One factor that makes distillation expensive is the alloys necessary for equipment to handle hot brine are very expensive. For ambient temperature osmosis fairly common stainless like 316 is satisfactory although care must be taken in design to avoid crevices and other considerations.


2

But it does, but according to each salt's solubility and density. Soluble salts tend to mix into the water and keep suspended. Insoluble salts separate from the solution and creates deposits in the oceanic floor. One famous example was the "de-ironing" of the seas, when iron salts were deposited in the bottom due to the oxigenation of the oceanic water, by ...


1

Ultimately, it comes from precipitation. Ordinarily we think of rain as coming from low-level clouds, but Putkonen[1] has compiled rainfall data in the Himalayas showing significant rains up to several thousand meters altitude, covering the range where practically everyone lives. It is this precipitation that fills the underground tables mentioned by Jean-...


1

Water (solid or liquid) has some absorbtion. It is rather low for pure water for visible or near-visible light and that's why water it is considered transparent. But only to an extent - few meters of water look blue and few hundred meters look black, esp. if you are UNDER those few hundred meters. Then we have snow. Snow has an abundance of optical ...


1

Dumping the brine in a desert would probably be a viable solution in a few places, but many towns don't have a handy desert nearby. It would need to be a really barren desert,almost devoid of life, which few deserts are. Environmentalists would be aghast if you flooded the Sonoran Desert with brine. Bonneville Salt Flats might be better, but they are used ...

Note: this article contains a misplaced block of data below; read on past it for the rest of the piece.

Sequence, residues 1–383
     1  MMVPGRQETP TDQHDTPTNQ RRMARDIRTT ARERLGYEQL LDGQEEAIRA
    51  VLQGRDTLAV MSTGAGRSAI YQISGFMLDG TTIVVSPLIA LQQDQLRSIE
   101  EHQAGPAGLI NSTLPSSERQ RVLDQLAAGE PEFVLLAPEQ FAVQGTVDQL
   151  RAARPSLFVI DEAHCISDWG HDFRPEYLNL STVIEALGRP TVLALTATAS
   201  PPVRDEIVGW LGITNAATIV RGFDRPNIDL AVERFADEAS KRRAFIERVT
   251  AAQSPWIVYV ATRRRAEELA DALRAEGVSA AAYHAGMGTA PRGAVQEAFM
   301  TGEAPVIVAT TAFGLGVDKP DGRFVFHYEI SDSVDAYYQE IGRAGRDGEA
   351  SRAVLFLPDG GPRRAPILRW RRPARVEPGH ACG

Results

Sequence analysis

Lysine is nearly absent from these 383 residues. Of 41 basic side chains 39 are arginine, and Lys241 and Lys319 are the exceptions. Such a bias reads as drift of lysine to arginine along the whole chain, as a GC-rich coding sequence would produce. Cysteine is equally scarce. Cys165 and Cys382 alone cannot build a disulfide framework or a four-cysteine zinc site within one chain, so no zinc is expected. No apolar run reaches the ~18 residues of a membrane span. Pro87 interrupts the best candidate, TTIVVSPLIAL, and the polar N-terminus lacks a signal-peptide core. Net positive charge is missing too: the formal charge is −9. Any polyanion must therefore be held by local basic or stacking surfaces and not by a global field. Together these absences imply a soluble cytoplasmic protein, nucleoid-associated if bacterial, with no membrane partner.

1

No, the rate of flow would usually be unaffected. The same volume of water has to get to the sea, so unless the ice was so thick and so well anchored to the riverbank as to exert pressure on the flow of water beneath, which is very unlikely, the rate of flow would remain the same. If, in the unlikely event that the ice exerted pressure on the water, the rate ...


1

This is no an answer per se, just a back-of-the-envelope calculation for fun. Lifting 1 kg (one litre) of water up a height of 1 meter uses 9.8 (let's say 10) joules of energy. Let's say you want to lower the sea level by 1 meter. You need to pump 3.6e17 litres (3.6e14 m2 of ocean area = 3.6e14 m3 to pump * 1000 for litre conversion). Let's say you want ...


1

It all depends where you are and how carefully you choose your water sources. In the Malaysian jungle (peninsular Malaya and Sarawak), I used natural water sources all the time for years on end without ill consequences. There are numerous springs and small streams where the water is always good, but we never used a main river where there was habitation ...


1

Salt does not sink to the bottom in the seas and oceans, because it dissolves in water! If you want to get salt from the seas and oceans, try to vaporize them :-)...


1

Salt does sink to the bottom in the oceans. Why? Your question referring to salt. Salt is a solid chemical compound. Take a lump of rock salt of sodium chloride, throw it into the water: it will sink to the bottom. The reason is that the density of sodium chloride with more than 2 g/cm3 is higher than the density of seawater less than 1.1 g/cm3. Of ...


1

And then there is the saturation issue. Salt can be dissolved in water to a certain degree only. Once that degree is exceeded the salt begins to fall out and sink to the ground. If I remember well the limit for water is something like 35g per litre (depending on the temperature)


Only top voted, non community-wiki answers of a minimum length are eligible